Aggregates, a base component of construction materials such as concrete, are the most extracted raw materials in the world. They add strength to the composite materials and serve as a reinforcement,
Today, the European Aggregates Industry represents a sector of more than 15,000 companies, mostly SMEs. Some 2.7 billion tonnes of aggregates are produced every year and the industry employs some 200,000 people across Europe.
The Brussels-based industry association UEPG represents members from across 24 countries for whom it actively lobbies the European institutions and other stakeholders on issues key to the industry.
Since 1987, the association has promoted the interests of the European Aggregates Industry by representing its national member associations on health & safety, environmental, economic and technical policy. Also, UEPG increasingly contributes to enhancing biodiversity, by providing appropriate ecosystems for both fauna and flora during and after our extraction activity.
“We have a particular focus on health and safety, access to local resources, recycling, excellence in environmental stewardship and biodiversity,” says President Thilo Juchem*.
After water and air, aggregates are the most used materials. There is no question about how essential our industry is to the European economy, Juchem says. “The European sector is a truly local industry of global importance. The question is not whether we need it, but how to supply aggregates in the most sustainable way.”
UEPG’s objectives are the continued and uninterrupted supply of essential building materials, whilst retaining jobs and contributing to Europe’s competitiveness and contributing to Europe’s heritage within a sustainable production.
Through it lobbying and communication work, UEPG and its members have developed a close working relationship with the key European institutions as well as environmental NGOs.
“The Aggregates Industry is indispensable for the well-being of our modern society. It is the backbone of infrastructure, private and commercial housing and is essential for our built environment,” Juchem explains.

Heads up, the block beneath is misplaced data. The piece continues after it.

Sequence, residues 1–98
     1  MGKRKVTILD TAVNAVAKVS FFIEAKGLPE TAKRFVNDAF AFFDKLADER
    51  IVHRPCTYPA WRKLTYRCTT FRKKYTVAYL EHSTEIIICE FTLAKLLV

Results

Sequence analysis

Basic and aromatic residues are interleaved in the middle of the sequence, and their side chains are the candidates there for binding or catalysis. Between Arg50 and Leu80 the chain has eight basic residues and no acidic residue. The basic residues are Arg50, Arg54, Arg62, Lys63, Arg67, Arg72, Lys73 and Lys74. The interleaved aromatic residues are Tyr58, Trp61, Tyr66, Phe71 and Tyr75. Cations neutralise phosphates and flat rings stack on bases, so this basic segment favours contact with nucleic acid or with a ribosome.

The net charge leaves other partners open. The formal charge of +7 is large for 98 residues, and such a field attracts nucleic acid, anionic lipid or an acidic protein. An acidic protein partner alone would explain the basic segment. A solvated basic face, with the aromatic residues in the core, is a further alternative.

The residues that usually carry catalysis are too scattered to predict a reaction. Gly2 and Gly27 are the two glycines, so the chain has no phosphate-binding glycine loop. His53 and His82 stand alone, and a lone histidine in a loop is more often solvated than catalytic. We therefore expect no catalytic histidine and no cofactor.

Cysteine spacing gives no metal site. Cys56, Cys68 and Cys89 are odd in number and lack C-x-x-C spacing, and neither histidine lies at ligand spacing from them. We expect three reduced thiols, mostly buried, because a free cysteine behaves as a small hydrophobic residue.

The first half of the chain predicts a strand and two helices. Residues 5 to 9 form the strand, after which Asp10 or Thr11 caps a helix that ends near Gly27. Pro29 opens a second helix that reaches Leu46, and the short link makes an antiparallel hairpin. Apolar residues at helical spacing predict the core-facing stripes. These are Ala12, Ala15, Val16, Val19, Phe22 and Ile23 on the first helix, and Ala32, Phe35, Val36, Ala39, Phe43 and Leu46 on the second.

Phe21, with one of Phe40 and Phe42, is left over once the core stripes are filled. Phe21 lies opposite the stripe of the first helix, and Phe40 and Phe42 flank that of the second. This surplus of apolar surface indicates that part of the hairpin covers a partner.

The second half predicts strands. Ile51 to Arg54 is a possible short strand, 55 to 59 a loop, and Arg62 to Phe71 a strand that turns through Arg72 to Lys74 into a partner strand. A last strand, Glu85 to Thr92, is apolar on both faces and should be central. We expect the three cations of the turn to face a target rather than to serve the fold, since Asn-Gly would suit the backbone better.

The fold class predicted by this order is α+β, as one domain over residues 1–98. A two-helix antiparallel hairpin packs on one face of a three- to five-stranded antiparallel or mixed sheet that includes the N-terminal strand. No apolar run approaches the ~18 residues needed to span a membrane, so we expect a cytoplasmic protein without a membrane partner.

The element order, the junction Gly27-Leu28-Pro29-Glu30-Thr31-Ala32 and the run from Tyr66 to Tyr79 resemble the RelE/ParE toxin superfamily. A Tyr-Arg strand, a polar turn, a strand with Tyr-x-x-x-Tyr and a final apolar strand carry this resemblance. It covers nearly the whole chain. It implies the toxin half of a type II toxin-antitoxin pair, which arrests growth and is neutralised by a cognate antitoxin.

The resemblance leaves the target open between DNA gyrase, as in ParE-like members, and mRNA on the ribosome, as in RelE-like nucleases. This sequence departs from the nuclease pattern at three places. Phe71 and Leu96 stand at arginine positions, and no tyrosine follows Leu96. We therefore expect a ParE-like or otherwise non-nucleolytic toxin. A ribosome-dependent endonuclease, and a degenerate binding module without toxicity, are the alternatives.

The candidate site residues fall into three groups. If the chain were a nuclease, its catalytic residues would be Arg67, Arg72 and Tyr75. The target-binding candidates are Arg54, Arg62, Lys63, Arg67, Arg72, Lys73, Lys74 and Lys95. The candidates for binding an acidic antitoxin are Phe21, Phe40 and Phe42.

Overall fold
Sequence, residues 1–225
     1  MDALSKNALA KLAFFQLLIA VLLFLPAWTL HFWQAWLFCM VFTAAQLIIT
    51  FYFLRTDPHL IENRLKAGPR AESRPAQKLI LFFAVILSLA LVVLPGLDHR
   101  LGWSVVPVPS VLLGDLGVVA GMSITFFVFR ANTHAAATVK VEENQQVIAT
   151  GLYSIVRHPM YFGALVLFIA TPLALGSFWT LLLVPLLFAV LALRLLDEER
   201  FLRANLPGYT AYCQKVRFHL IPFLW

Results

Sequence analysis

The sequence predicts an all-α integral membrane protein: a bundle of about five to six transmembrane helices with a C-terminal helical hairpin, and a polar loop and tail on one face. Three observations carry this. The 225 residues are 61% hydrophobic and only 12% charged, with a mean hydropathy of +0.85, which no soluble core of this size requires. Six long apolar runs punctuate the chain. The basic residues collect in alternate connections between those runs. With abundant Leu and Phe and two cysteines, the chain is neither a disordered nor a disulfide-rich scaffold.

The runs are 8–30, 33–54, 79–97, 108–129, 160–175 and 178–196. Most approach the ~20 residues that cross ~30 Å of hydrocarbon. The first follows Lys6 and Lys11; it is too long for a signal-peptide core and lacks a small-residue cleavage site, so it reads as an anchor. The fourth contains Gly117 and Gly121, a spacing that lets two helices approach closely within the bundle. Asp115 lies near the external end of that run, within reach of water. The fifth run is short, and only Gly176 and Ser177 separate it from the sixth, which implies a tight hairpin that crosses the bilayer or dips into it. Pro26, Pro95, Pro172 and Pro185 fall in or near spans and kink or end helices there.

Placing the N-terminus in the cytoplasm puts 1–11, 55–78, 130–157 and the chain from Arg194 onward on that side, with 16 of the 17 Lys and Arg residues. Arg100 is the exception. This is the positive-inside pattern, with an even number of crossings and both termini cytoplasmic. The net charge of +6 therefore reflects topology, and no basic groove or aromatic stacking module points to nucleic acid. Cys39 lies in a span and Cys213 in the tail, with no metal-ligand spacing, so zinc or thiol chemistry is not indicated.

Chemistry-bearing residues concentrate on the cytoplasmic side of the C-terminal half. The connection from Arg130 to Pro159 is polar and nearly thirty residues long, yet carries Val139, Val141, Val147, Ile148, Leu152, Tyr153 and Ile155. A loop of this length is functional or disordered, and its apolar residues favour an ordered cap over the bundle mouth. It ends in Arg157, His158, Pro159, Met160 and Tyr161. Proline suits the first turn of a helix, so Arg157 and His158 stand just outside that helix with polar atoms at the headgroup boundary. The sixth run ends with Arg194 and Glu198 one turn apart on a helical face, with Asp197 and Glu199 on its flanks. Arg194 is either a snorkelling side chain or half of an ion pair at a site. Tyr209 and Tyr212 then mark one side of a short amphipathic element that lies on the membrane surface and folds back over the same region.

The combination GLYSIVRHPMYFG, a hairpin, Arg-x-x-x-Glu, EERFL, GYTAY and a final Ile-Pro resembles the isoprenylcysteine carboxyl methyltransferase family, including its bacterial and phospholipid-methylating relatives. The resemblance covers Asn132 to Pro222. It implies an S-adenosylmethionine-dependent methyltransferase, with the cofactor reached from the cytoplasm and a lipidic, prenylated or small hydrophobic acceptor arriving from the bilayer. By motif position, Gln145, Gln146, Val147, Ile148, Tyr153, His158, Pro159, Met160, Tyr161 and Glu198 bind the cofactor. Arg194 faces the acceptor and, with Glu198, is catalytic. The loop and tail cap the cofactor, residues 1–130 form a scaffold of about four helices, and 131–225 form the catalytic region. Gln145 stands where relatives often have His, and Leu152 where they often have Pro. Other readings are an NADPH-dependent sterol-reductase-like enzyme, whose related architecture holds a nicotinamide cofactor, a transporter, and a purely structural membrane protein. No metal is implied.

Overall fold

The producers operate 26,000 extraction sites all across Europe and is in the ideal position to contribute to the EU’s Natura2000 network and other environmental protected areas before, during and after extraction with projects such as Temporary Nature, Life in Quarries and Nature after Minerals.
“The steady availability of aggregates is taken for granted by many and only to become a political priority when facing a shortage of supply,” the UEPG president adds.
“This is why UEPG and its members decided to strengthen its efforts on public affairs and PR & Communication to ensure the visibility and positive image of the European Aggregates Industry. Our industry is a part of the solution for numerous challenges.
Over the past 30 years UEPG has built-up an excellent network of experts in the areas of technical, environmental, economic and health & safety matters. It has launched projects and intensified cooperation with EU Institutions, Partners, NGOs, Trade Unions and Academia to become a recognised and trusted partner.”
In 2016-2017, UEPG focused on contributing to the EU Raw Materials Strategy, the Circular Economy Package, the Natura 2000 Fitness-Check and the Action Plan on better implementation, the compatibility of business and biodiversity, safer and healthier work places.
It has been involved in the review the of the NEPSI Social Dialogue Agreement, calling for an ambitious EU Industrial Strategy and on officially endorsing the EU Protocol for the management of Construction and Demolition Waste.
“In our dialogue with the European institutions, UEPG has been insisting on the need for better implementation and regulatory enforcement of EU legislation, rather pushing for new pieces of EU or national legislative proposals,” Juchem explains.
UEPG has also implemented numerous initiatives generating value or savings for aggregates producers and has been promoting good practice, which goes beyond what is expected. “Good examples will be put on display in November at the EU’s Sustainable Development Awards Ceremony in Brussels, which will showcase many applicants from all over Europe,” the UEPG president adds.
UEPG is a strong supporter of innovation across the industry and welcomes the ‘Electric Site’ project which Volvo CE is conducting with Skanska to electrify the operations of a quarry. “This project to reduce the carbon footprint of the excavation process is truly very innovative and at the same time really makes sense,” Thilo Juchem adds. “It offers many advantages such as not having to deal with diesel and could also entail less maintenance on equipment.
“Economically it could be very practical and promote a net positive energy extraction process.”
*Thilo Juchem, Executive Director (Geschäftsführung), F.L. Juchem & Söhne GmbH & Co. KG